The UAE’s foreign policy, much like its domestic politics, has been defined largely by border disputes and the politics of the individual emirates. Currently the UAE has territorial disputes with three of its immediate neighbors: Iran, Oman and Qatar; in the past, it has clashed with Saudi Arabia as well. The most serious such conflict, however, is the long-standing dispute with Iran over three Gulf islands: Abu Musa and the Greater and Lesser Tunbs. Since 1992, this dispute has come to define the UAE’s entire relationship with Iran.
Iran, and the dispute over Abu Musa and the Tunbs
Abu Musa has a population of around 600 people, and is situated at the mouth of the narrows of the Strait of Hormuz. The other islands are closer to the Persian Gulf’s sea lane, but only one of these, the Greater Tunbs, is inhabited, with about 350 people. There are few significant resources on the islands apart from red oxide (coloring pigment)and oil, and only Abu Musa can accommodate large ships. Tehran claims that Britain took the islands from Iran and gave them to the Arabs in the nineteenth century. The UAE counters that Arabs from the eastern Gulf littoral have always controlled the islands, and that Iran has no claim to either Abu Musa or the Tunbs.22
While it is true that the Iranians currently deployed on Abu Musa and the Tunbs could harass Gulf shipping or attack UAE cities, the fact remains that the United States maintains a strong enough military presence in the Persian Gulf to drive Iran off the islands. Moreover, Tehran has other bases in Bandar Abbas, Qishim Island and several other areas near the strait of Hormuz much better situated for attacks on Gulf shipping than either Abu Musa or the Greater or the Lesser Tunbs. Because of the short distances separating Iran and the UAE, neither state today could take military action against the other’s positions on the islands without jeopardizing its own security. This vulnerability in large part explains why the dispute over Abu Musa and the Tunbs has, and likely will remain, largely a war of words.23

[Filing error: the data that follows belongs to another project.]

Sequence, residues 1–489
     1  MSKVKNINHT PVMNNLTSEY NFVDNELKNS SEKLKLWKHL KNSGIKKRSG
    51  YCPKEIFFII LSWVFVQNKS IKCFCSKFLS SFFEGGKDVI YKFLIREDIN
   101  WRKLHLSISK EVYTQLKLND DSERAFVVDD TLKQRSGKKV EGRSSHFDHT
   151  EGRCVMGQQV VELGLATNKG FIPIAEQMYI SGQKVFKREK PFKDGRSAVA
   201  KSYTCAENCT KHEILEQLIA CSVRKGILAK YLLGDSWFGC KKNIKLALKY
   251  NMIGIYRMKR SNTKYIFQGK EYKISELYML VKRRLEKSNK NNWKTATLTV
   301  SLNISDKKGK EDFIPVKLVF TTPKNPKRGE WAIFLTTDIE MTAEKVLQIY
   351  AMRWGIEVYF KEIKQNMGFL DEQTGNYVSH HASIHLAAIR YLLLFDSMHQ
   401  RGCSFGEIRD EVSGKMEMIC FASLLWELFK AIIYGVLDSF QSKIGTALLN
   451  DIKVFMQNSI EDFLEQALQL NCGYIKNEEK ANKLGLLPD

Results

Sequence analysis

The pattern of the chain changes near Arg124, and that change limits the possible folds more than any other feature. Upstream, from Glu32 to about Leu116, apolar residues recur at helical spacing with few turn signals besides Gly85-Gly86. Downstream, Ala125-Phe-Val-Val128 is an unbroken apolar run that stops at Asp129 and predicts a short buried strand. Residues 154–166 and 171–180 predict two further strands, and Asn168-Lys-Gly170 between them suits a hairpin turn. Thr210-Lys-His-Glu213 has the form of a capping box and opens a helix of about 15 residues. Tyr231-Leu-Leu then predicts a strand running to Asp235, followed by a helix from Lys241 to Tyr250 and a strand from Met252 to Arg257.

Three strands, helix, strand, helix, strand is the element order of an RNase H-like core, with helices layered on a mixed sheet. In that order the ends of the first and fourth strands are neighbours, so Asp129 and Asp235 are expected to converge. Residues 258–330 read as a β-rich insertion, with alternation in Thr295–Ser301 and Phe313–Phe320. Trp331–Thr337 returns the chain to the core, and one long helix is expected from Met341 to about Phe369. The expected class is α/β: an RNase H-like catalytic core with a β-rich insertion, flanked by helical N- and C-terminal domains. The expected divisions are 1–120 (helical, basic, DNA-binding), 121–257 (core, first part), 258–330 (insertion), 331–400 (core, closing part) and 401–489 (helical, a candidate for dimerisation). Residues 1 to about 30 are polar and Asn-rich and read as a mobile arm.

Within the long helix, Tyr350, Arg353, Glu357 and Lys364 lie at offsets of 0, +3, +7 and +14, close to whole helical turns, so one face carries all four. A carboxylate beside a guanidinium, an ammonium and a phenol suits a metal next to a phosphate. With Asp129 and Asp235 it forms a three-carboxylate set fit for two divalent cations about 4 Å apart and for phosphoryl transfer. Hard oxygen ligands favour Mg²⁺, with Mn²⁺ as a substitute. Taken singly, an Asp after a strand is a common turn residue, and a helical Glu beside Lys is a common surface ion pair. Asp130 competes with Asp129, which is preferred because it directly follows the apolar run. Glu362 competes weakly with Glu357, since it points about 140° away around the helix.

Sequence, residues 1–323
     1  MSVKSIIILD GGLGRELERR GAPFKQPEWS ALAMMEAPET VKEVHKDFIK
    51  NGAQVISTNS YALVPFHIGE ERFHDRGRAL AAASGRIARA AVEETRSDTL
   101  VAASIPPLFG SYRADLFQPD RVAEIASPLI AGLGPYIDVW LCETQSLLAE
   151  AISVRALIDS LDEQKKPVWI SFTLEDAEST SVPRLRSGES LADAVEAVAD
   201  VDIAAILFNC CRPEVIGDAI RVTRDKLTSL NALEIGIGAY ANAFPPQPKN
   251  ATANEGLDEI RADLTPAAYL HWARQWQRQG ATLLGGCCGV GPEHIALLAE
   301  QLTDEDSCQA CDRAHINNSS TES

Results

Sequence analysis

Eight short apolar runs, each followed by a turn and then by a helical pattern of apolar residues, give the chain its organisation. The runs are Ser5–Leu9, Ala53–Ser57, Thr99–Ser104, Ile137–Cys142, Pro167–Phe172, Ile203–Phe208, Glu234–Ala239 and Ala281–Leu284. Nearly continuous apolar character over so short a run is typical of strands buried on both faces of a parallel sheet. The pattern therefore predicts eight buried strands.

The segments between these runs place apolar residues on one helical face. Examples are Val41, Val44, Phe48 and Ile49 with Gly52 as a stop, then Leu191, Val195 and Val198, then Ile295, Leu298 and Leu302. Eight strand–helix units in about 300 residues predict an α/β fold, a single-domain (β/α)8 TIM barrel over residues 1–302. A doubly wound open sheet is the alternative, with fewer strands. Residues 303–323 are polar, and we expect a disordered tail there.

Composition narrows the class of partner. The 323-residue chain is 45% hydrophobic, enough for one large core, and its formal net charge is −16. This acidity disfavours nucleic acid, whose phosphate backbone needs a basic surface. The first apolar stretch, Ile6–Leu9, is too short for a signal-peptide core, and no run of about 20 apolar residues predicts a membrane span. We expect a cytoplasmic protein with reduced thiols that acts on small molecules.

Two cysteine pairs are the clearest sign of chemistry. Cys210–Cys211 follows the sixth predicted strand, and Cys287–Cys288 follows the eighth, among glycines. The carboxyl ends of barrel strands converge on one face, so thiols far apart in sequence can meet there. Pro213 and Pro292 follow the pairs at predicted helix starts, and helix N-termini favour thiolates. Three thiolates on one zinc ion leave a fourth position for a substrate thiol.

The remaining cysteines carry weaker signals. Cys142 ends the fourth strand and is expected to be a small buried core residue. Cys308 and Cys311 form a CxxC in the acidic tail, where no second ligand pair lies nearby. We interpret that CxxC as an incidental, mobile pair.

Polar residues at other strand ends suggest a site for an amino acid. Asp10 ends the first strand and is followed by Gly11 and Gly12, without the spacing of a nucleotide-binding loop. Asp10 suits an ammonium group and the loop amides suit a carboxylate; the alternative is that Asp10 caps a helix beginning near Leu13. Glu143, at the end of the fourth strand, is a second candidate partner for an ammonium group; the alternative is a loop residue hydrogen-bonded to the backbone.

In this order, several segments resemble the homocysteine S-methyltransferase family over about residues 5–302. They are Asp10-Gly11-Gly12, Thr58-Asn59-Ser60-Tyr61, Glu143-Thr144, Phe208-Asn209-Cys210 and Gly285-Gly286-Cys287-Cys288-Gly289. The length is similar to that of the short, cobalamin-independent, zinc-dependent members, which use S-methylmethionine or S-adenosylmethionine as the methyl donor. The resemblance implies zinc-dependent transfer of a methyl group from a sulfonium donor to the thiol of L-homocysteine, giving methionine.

The islands’ dispute only became a significant international issue when Britain withdrew from the Persian Gulf in 1971 and Iran claimed sovereignty over Bahrain. Reportedly, Iran suspended its claims to Bahrain in exchange for Britain’s acceptance of Iran’s occupation of the islands. Although the Shah claimed full sovereignty over the islands, he promised to permit the islands’ civilian population to remain under Arab administration and to share proceeds from nearby oil fields. He also promised to subsidize the emirates who had previously governed the islands, Sharjah and Ras al Khaimah. Sharjah accepted, but the ruler of Ras al-Khaimah refused. He died resisting the Iranian troops that were sent to occupy the Tunbs.24